Still, an unconditional ban on Chinese companies like Huawei and ZTE could decrease Europe’s position within the innovation supply chain. It would significantly limit competition among 5G manufacturers and, according to an unpublished report by the Groupe Speciale Mobile Association (GSMA), the cost of radio-access network would increase by 40%. Moreover, it could slow the development of 5G in Europe, as Ericsson and Nokia would struggle to double their output to compensate for the banned Chinese manufacturers. This would delay deployment of innovative products and business models within the EU and give other actors a head start.
There are four ways the EU can prepare itself for the coming 5G revolution.
European member states still need to develop a unified stance on Huawei
First, the EU should design a ‘standard-based response’. This would minimise the security risks without ignoring the economic rationale and could be communicated to international partners outside of the ‘with us or against us’ dichotomy.
The EU’s strategy should be based on the interests and realities of the entire EU-bloc. The EU-wide consultation plan unveiled by the European Commission in March 2019 is a step in the right direction. It will help to form the much-needed consensus. However, the deadline for developing a toolbox of 5G risk management measures – 31 December 2019 – should not be missed as the EU-wide 5G deployment will really commence in 2020.
Moreover, European member states still need to develop a unified stance on Huawei. Over time, they have taken divergent stances regarding the company. For example, Germany favours a regulatory solution that still leaves room for Chinese companies to participate in development of its 5G networks, and Poland has signed a 5G-focused security agreement with the US that indirectly targets the company. Italy and Hungary, on the other hand, stand ready to embrace Huawei. Although not decisive, those diverging stances add to the confusion among European operators, many of which have already inked contracts with Huawei.
Still, the EU-wide coordinated risk assessment report released in October 2019 (in accordance with the timeline suggested by the European Commission) seems to provide some – albeit limited – space for consensus. While the primary challenge is clearly focused on state actors, the authors do not advocate an outright ban on any specific companies giving room for the EU to develop a more nuanced response.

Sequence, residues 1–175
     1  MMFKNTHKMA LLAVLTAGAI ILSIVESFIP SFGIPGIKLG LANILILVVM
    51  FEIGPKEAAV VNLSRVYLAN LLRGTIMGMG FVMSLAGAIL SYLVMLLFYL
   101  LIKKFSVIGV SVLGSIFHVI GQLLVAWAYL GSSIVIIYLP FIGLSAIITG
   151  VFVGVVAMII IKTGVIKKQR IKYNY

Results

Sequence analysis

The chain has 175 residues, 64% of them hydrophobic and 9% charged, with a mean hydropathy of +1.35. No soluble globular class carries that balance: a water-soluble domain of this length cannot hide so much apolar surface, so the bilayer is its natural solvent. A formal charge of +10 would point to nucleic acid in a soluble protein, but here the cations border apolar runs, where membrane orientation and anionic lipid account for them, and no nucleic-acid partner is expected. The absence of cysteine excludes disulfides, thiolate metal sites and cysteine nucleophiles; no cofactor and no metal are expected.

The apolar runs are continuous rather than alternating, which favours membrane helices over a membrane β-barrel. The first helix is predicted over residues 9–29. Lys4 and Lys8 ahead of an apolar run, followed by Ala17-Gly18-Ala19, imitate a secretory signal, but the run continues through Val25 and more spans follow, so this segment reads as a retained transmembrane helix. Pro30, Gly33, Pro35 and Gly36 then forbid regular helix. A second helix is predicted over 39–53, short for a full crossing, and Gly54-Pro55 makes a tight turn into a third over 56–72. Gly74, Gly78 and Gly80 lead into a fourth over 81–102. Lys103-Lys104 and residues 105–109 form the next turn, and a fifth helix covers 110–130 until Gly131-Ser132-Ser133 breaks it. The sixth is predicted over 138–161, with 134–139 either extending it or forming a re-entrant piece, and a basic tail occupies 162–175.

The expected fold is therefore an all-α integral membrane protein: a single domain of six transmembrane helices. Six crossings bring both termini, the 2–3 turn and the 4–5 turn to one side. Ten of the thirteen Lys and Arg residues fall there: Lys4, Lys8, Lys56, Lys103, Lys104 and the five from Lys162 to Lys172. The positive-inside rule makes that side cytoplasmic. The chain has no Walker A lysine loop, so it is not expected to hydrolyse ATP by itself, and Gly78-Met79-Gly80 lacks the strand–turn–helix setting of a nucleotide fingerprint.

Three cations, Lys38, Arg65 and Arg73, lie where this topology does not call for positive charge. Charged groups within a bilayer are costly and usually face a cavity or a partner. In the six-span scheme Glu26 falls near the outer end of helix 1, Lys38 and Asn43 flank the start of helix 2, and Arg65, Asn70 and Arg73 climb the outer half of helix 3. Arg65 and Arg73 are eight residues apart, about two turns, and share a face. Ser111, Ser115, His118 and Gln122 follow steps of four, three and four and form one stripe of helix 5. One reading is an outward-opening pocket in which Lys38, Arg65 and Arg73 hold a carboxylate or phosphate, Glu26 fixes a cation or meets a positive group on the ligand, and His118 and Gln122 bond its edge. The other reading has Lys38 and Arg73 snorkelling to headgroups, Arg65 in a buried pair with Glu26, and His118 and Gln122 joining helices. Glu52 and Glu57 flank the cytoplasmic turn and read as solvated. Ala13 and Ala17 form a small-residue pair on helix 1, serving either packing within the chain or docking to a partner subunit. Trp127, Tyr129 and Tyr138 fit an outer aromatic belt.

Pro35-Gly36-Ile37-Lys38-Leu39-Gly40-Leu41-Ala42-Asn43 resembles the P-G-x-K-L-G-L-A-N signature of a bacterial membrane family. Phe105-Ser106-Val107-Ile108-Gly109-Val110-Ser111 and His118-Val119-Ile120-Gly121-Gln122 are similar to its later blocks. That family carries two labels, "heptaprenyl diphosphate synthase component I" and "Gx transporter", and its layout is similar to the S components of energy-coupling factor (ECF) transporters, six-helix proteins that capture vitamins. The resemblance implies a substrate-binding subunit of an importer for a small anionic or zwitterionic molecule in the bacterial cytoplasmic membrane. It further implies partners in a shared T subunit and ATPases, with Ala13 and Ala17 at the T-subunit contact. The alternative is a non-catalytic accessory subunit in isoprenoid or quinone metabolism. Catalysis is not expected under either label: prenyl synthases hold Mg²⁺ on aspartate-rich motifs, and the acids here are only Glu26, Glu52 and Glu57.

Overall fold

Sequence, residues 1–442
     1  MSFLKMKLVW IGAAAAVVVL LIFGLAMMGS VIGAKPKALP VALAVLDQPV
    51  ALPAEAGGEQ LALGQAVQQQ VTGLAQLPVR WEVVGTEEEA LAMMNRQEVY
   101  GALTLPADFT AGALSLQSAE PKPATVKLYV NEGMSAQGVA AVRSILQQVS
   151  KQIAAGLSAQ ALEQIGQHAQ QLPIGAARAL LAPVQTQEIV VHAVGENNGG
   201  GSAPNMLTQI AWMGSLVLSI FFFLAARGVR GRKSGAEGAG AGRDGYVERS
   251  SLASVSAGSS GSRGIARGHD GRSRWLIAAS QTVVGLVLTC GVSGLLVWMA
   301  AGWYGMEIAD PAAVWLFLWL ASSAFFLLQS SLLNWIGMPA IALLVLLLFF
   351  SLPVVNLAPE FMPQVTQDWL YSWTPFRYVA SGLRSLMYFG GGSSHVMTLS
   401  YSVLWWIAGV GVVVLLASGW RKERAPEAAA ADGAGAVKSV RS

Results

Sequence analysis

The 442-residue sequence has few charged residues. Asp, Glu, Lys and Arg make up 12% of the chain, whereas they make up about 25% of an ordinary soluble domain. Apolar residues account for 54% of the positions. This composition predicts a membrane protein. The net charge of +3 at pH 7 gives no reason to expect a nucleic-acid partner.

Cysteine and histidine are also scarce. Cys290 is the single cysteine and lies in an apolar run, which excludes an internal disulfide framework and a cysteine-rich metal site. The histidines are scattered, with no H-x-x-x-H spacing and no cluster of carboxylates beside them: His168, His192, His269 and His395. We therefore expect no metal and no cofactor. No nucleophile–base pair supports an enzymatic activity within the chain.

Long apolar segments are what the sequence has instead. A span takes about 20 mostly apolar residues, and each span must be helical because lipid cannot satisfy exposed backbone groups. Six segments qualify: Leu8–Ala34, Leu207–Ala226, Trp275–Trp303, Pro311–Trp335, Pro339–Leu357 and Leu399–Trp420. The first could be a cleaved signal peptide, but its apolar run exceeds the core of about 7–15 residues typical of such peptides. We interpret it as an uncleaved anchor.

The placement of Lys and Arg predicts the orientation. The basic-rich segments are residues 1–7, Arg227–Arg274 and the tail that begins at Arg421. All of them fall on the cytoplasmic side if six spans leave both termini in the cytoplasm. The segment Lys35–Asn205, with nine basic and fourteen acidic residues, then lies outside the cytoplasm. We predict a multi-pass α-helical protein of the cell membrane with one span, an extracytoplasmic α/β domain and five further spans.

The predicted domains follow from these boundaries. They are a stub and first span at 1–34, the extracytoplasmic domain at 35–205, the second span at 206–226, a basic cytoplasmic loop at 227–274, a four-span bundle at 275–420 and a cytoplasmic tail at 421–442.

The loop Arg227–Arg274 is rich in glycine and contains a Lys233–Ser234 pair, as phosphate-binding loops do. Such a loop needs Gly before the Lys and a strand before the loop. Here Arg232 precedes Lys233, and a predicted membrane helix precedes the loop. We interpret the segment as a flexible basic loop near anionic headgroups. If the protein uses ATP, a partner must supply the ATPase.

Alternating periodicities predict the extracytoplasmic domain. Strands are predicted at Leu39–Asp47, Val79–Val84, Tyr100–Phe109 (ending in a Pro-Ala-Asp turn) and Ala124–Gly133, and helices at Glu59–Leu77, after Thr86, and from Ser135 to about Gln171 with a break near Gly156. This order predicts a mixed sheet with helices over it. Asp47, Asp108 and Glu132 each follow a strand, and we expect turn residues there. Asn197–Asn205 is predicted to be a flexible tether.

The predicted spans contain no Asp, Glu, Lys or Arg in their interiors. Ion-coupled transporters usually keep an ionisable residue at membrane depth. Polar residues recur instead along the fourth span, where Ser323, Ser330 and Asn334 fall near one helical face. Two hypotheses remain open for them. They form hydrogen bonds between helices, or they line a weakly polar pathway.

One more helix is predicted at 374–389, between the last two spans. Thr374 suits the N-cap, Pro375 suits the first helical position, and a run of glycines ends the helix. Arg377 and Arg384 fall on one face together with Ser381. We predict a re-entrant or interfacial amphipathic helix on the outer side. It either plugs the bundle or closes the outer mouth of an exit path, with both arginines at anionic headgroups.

The EU needs to strive for greater strategic digital autonomy
Secondly, the common response should take a neutral regulatory form. The EU Cybersecurity Act from June 2019 empowered the European Union Agency for Cybersecurity (ENISA) to set up and maintain the European cybersecurity certification framework. This should involve setting up standards for 5G manufacturers and operators irrespective of their country of origin. These standards and regulations should focus on minimising cyber risks and involve stipulations such as diversifying equipment providers, setting limitations on operators implementing lawful interception capabilities, and regulating and monitoring software updates.
Thirdly, new watchdog institutions monitoring cybersecurity should be established on either European or regional bases, given the insufficient resources of two-thirds of the member states. Regardless of whether the telecommunication infrastructure will be built with or without Huawei, 5G networks will be more vulnerable and the lives of European citizens and businesses will be increasingly digital. In this regard, it may be useful to analyse the operation of the UK’s Huawei Cyber Security Evaluation Centre (HCSEC).
Finally, the EU needs to strive for greater strategic digital autonomy. As the Fourth Industrial Revolution approaches, the European economy cannot afford to take the recipient’s role in the innovation supply chain. It is, therefore, essential to boost innovation and – importantly – business implementation of European innovations via the Digital Single Market and Horizon Europe initiatives. 5G is one of the many tech-related strategic choices that the EU has to brace itself for.